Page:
Proper diet and exercise are crucial to a long, healthy life for your dog. If those needs are not being met, your dog will likely become overweight or obese, which often leads to various other, more serious health problems, such as heart and mobility issues. According to a 2011 study, 53% of dogs are overweight or obese.
When is a dog considered to be overweight?
Veterinarians use a 5-point scale to determine the body condition of a dog. For example, a 1/5 would be an emaciated dog and a 5/5 would be an obese dog. 3/5 is the ideal body score. Using this scale, a 4 or 5-point body score would mean your dog should lose some weight. An easier way to judge this is to try to feel the dog’s ribs and spine. If there is so much fat on top of them that you can’t feel the bones, then your dog is probably overweight.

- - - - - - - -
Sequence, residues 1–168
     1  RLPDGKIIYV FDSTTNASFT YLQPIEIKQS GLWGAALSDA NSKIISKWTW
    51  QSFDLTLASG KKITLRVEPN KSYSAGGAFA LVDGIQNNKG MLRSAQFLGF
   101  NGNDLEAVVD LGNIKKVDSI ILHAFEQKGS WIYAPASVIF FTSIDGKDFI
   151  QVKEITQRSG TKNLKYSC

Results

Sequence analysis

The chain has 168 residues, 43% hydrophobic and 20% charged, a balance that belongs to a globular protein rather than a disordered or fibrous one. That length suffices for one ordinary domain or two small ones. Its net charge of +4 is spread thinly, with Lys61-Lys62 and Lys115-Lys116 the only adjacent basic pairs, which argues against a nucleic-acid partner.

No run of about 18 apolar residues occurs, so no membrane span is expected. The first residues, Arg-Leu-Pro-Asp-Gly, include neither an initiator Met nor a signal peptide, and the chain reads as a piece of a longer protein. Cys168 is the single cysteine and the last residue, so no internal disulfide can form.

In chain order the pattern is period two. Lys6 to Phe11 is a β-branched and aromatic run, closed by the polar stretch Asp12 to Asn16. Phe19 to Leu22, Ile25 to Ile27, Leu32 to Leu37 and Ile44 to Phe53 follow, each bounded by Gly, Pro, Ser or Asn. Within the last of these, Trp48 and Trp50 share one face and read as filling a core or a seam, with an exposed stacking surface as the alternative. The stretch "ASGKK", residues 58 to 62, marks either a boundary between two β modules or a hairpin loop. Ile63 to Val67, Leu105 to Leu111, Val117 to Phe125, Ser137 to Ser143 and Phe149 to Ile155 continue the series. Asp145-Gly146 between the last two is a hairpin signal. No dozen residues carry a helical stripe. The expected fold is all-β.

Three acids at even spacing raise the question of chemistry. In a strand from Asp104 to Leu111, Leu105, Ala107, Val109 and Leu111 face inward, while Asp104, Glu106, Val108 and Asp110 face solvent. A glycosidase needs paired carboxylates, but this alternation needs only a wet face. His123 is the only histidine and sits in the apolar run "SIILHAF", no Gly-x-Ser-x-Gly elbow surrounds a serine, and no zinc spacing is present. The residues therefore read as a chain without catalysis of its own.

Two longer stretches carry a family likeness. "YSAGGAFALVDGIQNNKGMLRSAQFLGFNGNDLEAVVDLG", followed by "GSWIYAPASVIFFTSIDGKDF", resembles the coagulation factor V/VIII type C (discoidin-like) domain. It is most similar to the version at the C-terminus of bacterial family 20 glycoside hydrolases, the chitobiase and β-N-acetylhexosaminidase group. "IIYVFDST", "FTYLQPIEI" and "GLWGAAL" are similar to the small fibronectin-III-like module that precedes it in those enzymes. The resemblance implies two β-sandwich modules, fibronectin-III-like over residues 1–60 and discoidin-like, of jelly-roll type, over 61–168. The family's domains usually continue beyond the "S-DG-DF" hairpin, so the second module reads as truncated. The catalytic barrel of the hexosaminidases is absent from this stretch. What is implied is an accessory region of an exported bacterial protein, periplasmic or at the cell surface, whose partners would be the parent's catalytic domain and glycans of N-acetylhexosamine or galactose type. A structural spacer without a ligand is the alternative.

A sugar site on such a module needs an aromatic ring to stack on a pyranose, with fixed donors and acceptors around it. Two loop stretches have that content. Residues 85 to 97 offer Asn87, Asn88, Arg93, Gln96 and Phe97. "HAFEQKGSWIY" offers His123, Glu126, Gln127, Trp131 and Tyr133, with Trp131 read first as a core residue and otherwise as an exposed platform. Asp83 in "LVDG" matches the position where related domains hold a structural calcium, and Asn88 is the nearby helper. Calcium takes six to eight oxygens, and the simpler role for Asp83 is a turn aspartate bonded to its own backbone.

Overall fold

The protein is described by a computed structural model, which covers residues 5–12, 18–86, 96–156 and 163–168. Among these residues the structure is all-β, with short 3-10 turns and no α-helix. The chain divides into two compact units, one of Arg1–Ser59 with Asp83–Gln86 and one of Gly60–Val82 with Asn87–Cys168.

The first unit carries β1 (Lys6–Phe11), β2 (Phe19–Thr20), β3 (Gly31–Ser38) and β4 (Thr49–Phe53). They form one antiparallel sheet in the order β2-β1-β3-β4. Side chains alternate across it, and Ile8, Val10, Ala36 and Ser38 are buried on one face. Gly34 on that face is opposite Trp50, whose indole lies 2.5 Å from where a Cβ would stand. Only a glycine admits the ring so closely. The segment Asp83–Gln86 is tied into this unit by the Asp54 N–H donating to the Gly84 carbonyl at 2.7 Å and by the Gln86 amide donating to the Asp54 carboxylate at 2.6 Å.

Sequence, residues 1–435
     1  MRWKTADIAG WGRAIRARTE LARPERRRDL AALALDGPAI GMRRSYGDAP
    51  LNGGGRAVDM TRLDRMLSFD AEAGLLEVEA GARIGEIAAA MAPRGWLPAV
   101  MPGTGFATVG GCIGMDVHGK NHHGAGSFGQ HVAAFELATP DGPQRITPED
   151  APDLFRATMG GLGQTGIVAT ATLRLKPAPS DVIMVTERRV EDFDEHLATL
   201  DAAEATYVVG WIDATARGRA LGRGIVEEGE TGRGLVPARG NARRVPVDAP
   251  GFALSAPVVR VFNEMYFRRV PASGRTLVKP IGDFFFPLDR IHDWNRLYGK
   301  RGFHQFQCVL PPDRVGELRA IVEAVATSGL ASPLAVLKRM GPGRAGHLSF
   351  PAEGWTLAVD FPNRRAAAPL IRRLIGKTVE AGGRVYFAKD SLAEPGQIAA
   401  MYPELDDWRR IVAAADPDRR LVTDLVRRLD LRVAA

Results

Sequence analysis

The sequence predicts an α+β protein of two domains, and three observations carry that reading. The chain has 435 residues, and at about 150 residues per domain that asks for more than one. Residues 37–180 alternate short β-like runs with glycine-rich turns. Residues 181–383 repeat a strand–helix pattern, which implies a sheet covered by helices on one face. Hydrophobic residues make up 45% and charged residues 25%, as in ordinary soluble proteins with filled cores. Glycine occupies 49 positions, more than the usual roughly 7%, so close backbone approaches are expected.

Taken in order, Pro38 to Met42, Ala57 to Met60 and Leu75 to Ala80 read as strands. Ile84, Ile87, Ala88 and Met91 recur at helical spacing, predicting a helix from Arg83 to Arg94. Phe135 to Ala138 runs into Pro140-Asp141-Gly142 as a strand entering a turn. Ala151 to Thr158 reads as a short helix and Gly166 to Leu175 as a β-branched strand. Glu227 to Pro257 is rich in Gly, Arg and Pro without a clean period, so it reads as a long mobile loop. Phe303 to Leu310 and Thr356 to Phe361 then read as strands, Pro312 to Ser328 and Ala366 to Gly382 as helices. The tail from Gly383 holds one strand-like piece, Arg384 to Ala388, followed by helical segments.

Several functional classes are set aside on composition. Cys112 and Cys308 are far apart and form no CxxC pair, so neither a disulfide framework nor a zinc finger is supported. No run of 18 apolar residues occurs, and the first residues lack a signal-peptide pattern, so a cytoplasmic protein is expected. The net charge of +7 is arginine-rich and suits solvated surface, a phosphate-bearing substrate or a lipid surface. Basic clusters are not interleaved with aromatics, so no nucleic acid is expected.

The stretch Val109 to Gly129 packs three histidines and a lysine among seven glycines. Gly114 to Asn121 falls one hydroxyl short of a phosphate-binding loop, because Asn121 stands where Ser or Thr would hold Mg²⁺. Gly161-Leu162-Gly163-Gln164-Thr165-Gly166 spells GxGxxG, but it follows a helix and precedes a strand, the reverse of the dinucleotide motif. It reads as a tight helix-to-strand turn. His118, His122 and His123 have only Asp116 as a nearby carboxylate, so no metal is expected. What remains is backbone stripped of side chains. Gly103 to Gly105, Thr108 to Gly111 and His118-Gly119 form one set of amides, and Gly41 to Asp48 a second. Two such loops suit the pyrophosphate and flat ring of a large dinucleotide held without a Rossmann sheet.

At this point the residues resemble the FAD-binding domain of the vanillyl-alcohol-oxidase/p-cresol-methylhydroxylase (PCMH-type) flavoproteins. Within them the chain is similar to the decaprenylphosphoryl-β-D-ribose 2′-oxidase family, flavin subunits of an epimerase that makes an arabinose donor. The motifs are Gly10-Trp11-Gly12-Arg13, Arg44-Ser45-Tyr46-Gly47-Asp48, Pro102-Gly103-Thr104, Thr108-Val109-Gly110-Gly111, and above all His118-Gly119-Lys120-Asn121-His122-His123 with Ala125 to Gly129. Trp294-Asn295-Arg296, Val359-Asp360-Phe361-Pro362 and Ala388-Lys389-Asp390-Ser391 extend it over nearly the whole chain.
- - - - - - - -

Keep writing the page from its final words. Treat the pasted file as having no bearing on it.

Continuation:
Are some breeds prone to obesity?
Some of the breeds we most commonly see come in the door overweight or obese include Labrador and Golden Retrievers, Basset Hounds, Beagles, Cocker Spaniels, Dachshunds, Bulldogs, Newfoundlands, Pugs and Rottweilers. However, any breed of dog can become overweight with improper diet and exercise!
Why should you have weight loss & management consultation at a clinic?
If you suspect your dog of being overweight, it is a great idea to make an appointment to see a veterinarian for a nutritional consultation to help prevent further medical issues from arising and to make your dog much more happy and comfortable! Please call us at 506-388-8880 if you would like to book an appointment.